- Progress is being made on the Financial Regulation Bill. (Reuters)
- Rep. Bob Etheridge [D, NC-02] apologizes after a video is released showing him lashing out at an anonymous harassing interviewer. (CNN)
- President Obama presses the GOP to stop blocking the Medicare doc-fix bill. (WallStreetJournal)
- Congress in considering extending the closing date for the first-time homebuyer's tax credit (WallStreetJournal)
- President Obama urges Congress to pass a bill that spends $23 billion to save public worker jobs and $25 billion for additional Medicaid funding. (Washington Independent)
- Sen. Blanche Lincoln's [D, AR] provision to stop banks from getting government subsidies fro derivatives may actually make it into the final financial reform bill. (Financial Times)
It's going to be a busy week on the Hill, with senators trying to break a stalemate on the long overdue unemployment benefits/tax extenders bill (H.R.4213) and a House-Senate conference committee starting to vote on how to resolve dozens of differences between their financial reform bills (H.R.4173). At the same time, the House of Representatives will be working through a full slate of bills, with some big ones possibly coming up for votes later in the week. Here are their schedules as currently posted:Read Full Article Comments (2)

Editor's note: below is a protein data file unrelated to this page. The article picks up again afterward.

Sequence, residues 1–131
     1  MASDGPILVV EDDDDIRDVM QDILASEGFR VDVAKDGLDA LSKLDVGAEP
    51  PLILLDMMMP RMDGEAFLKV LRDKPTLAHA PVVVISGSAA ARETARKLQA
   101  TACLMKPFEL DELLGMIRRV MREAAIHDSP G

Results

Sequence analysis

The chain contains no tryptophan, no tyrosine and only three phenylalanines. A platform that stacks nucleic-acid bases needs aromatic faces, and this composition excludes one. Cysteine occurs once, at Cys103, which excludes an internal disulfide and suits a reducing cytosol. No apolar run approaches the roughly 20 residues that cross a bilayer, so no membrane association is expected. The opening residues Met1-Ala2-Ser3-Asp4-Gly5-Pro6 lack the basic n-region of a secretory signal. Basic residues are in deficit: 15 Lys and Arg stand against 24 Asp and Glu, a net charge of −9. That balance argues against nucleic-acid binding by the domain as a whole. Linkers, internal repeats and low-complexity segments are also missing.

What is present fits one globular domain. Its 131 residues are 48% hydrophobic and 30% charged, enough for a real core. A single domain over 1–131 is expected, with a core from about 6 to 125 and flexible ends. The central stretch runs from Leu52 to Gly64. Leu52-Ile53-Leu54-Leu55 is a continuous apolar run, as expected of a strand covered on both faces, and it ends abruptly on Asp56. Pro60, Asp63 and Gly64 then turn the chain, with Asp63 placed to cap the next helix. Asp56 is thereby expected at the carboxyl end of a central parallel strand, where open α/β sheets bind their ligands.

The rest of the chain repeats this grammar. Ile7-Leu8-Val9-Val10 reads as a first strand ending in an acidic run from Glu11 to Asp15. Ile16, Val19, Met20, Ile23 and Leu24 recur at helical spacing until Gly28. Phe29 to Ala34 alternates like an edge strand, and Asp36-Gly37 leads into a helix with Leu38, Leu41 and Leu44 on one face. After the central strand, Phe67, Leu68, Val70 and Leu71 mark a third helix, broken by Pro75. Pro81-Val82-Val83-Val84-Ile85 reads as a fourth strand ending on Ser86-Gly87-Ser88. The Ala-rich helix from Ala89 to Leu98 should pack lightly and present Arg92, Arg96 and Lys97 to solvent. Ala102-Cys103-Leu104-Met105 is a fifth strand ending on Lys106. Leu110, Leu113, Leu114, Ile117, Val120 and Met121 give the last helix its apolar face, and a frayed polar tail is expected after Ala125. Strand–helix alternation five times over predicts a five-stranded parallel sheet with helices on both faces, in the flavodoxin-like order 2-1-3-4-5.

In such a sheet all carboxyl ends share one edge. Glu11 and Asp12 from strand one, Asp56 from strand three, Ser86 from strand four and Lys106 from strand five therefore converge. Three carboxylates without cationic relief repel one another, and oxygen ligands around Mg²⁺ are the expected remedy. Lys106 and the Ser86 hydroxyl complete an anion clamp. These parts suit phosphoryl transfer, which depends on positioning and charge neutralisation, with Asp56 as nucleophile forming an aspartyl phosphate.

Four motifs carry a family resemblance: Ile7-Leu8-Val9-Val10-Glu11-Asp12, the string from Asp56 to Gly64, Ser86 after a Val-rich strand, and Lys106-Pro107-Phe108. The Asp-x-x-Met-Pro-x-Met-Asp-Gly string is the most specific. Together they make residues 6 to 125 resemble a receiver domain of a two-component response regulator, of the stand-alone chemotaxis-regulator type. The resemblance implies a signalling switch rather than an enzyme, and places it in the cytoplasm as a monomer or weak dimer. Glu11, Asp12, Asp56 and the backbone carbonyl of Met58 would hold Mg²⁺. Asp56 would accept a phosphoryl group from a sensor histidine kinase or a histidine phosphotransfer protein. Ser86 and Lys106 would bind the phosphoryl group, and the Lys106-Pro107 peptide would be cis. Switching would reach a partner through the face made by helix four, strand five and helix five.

It has now been a full two weeks since Congress left for recess without finalizing their bill to extend unemployment benefits, and there is still no end in sight for the bill. As a result, hundreds of thousands of unemployed Americans have been suddenly cut-off from their only source of income. Most lawmakers from both parties agree that unemployment benefits need to be extended, so what's holding up the bill?Read Full Article Comments (37)